0391. Comparison of the histopathologic effects on the lungs of two external chest compression devices (lucas versus autopulse) in a swine model of ventricular fibrillation
© Pantazopoulos et al; licensee Springer. 2014
Published: 26 September 2014
Given the difficulty of performing efficient CPR compressions, technology has turned to automaticity. LUCAS device has a pneumatically driven piston to compress the heart and uses active decompression suction on the upstroke. AUTOPULSE is a load distributing band compressor, that is mechanically actuated and battery driven. It provides both direct compression and semi-circumferential thoracic compression.
Lung injury may occur during cardiorespiratory resuscitation with external chest compression devices. Aim of this study is to compare 2 different external chest compression devices (LUCAS and AUTOPULSE) regarding differences in lung injury that they may cause.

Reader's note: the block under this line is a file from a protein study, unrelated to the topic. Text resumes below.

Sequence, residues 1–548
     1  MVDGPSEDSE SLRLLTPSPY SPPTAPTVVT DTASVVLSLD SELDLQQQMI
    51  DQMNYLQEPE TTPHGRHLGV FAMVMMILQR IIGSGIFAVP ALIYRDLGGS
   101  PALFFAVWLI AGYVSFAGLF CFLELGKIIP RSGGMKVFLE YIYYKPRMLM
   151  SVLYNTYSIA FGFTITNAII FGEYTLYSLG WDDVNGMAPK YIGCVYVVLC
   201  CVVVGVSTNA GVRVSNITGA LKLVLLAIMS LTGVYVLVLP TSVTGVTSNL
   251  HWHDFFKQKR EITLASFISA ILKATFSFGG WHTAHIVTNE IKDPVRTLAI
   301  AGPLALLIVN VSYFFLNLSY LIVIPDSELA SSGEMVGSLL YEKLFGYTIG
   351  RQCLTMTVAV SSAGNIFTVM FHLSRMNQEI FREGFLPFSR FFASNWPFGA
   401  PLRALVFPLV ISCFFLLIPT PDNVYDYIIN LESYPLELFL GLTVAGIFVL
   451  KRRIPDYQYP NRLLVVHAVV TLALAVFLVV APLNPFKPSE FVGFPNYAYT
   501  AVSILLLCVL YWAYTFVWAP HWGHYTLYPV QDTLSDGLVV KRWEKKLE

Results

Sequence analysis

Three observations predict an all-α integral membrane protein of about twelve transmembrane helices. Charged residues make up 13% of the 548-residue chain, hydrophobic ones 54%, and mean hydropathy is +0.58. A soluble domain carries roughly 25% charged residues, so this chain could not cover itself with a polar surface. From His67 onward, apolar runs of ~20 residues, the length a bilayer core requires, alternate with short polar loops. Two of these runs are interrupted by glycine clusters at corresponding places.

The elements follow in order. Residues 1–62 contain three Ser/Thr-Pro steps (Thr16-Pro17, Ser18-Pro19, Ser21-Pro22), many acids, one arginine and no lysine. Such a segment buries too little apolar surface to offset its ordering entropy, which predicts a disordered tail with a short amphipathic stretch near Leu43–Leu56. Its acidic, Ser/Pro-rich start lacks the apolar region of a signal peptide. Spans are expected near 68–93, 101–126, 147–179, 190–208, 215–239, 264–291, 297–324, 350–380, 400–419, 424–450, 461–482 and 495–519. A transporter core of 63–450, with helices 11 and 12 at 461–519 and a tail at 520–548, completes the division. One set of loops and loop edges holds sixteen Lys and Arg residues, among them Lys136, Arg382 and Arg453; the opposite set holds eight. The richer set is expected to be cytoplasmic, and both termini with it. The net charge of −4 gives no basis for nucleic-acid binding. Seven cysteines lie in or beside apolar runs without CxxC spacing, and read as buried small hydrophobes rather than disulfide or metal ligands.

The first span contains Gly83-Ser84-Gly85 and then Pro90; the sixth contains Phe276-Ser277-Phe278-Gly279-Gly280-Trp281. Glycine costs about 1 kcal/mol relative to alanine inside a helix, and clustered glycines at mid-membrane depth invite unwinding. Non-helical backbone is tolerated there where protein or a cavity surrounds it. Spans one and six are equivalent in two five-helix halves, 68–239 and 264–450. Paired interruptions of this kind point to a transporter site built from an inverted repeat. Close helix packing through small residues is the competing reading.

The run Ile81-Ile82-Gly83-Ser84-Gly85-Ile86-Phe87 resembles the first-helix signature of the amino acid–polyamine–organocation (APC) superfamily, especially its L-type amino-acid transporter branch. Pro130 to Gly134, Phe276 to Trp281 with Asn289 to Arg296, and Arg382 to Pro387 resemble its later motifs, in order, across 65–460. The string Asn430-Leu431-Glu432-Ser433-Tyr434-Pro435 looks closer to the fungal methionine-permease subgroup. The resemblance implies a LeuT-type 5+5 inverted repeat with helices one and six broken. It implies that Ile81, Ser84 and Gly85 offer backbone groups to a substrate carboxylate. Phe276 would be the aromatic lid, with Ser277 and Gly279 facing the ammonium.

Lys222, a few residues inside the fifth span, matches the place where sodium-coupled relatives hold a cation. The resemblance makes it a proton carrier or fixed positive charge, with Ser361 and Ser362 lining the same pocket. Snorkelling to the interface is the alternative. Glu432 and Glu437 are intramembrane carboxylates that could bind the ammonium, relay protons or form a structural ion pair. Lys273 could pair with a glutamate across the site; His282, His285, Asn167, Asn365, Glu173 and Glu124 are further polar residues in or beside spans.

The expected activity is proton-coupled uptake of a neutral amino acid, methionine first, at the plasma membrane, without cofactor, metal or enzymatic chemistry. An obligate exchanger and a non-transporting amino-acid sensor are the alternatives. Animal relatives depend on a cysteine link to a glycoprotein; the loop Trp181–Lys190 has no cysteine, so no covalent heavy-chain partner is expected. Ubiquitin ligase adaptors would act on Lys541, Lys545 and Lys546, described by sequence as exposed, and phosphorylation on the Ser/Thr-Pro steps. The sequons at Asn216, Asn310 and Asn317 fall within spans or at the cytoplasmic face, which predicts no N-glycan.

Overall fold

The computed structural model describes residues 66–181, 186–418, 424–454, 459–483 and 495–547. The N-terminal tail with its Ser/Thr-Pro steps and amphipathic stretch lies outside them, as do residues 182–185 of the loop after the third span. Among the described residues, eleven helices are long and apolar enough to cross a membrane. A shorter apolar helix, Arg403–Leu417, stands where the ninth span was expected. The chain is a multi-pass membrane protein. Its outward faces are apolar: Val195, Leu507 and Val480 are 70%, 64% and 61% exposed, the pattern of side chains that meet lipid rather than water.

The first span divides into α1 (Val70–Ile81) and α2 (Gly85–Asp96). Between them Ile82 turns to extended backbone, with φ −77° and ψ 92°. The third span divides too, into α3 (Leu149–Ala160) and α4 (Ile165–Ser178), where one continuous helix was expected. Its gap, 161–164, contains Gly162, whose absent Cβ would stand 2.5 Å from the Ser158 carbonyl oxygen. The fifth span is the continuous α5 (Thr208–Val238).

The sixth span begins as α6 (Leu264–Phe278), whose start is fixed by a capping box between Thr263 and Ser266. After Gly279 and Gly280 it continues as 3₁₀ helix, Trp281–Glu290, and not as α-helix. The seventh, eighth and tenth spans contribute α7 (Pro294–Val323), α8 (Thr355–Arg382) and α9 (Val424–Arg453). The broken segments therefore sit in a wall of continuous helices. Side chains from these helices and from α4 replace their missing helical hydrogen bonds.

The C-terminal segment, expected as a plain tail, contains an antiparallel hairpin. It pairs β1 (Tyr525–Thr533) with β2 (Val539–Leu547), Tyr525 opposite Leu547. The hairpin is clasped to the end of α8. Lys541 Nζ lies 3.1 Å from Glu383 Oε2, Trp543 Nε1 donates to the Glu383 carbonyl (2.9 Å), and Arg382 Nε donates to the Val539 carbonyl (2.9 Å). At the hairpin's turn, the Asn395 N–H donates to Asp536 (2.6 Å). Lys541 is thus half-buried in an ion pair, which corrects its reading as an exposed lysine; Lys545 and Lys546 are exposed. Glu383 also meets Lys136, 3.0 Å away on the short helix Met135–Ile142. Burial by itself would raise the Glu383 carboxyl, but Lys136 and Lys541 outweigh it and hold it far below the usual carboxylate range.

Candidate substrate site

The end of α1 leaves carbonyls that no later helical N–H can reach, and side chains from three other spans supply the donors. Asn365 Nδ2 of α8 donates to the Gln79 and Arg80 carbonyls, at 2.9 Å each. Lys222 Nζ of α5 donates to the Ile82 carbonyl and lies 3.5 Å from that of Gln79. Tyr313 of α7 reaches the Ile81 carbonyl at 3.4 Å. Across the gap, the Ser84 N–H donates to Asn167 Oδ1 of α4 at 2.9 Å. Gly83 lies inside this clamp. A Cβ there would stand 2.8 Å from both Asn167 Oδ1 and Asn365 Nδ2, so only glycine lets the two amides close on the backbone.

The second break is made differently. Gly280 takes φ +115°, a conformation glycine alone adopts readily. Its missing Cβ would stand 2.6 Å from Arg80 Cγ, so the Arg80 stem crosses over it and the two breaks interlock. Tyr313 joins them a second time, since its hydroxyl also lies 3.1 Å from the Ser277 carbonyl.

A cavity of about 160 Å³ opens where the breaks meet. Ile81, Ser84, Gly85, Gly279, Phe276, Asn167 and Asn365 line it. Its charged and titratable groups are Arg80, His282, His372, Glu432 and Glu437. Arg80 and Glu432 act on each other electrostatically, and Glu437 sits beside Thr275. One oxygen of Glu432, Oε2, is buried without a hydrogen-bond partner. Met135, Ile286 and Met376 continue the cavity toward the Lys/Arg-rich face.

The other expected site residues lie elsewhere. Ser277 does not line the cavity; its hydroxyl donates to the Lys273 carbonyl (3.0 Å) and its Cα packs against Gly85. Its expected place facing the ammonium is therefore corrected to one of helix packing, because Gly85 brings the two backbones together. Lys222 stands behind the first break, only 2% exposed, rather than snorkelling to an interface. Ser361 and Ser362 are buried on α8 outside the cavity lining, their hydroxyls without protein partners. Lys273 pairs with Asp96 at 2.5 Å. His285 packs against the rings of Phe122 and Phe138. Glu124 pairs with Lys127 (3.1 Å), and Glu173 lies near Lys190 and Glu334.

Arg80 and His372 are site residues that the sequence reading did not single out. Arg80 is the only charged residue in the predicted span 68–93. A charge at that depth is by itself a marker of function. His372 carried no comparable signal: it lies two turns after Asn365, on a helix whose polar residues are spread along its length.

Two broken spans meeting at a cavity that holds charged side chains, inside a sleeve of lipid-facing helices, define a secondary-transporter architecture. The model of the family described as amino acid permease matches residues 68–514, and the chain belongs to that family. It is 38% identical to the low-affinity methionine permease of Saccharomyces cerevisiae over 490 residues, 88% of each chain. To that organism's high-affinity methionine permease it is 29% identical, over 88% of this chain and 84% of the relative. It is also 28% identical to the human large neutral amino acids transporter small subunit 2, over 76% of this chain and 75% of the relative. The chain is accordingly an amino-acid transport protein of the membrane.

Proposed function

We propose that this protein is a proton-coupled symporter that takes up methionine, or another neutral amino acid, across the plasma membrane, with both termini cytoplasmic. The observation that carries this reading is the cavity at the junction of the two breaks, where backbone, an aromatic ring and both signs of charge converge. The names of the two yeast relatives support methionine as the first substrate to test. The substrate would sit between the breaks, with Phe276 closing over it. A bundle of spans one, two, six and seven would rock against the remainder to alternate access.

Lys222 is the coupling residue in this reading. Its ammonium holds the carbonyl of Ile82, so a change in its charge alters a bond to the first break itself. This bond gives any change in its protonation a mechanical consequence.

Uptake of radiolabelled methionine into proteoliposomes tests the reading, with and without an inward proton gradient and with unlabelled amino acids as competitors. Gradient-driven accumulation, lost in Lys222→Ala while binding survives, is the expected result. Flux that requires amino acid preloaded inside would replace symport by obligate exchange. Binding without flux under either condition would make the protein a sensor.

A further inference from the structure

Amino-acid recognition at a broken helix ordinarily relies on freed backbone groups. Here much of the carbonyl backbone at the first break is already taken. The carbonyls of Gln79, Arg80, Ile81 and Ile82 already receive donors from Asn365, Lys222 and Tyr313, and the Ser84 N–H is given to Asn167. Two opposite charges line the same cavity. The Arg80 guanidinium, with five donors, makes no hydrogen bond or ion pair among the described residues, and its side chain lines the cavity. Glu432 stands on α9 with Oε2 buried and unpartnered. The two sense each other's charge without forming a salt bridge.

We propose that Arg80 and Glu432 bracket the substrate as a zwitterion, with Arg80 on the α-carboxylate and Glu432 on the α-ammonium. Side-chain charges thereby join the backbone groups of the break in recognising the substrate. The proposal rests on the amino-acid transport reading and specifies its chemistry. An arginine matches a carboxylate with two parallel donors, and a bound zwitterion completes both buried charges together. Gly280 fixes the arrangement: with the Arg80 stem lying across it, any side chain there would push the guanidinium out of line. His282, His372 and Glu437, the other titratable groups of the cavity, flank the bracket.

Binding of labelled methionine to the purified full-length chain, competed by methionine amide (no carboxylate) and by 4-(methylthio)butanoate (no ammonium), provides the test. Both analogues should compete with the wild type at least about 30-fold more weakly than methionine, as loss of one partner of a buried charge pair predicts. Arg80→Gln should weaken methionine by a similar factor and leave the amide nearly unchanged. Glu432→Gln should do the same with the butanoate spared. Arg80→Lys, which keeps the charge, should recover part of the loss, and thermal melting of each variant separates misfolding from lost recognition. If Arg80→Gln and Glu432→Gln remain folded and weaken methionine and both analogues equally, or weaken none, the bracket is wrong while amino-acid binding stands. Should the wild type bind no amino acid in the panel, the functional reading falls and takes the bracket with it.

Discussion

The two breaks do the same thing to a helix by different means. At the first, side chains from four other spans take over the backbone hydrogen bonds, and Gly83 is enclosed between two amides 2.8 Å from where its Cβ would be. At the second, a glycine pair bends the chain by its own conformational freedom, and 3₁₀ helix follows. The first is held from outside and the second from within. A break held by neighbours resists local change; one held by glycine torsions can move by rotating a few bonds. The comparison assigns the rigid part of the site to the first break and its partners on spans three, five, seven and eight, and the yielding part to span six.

Forty (40) pigs were randomly allocated into 2 groups. Group L (LUCAS), n=20 and Group A (AUTOPULSE), n=20. After anesthesia, ventricular fibrillation was induced. Five minutes post-cardiac arrest without treatment, resuscitation was initiated. After resuscitation, lung biopsy via a mini-thoracotomy was obtained (right lung lower lobe).
Histopathology findings revealed a heterogeneous interstitial infiltrate and vascular congestion in all samples studied. There was no statistically significant difference between the two groups. (P>0.05)
LUCAS and AUTOPULSE devices present no histopathological differences concerning lung injury after cardiorespiratory resuscitation.
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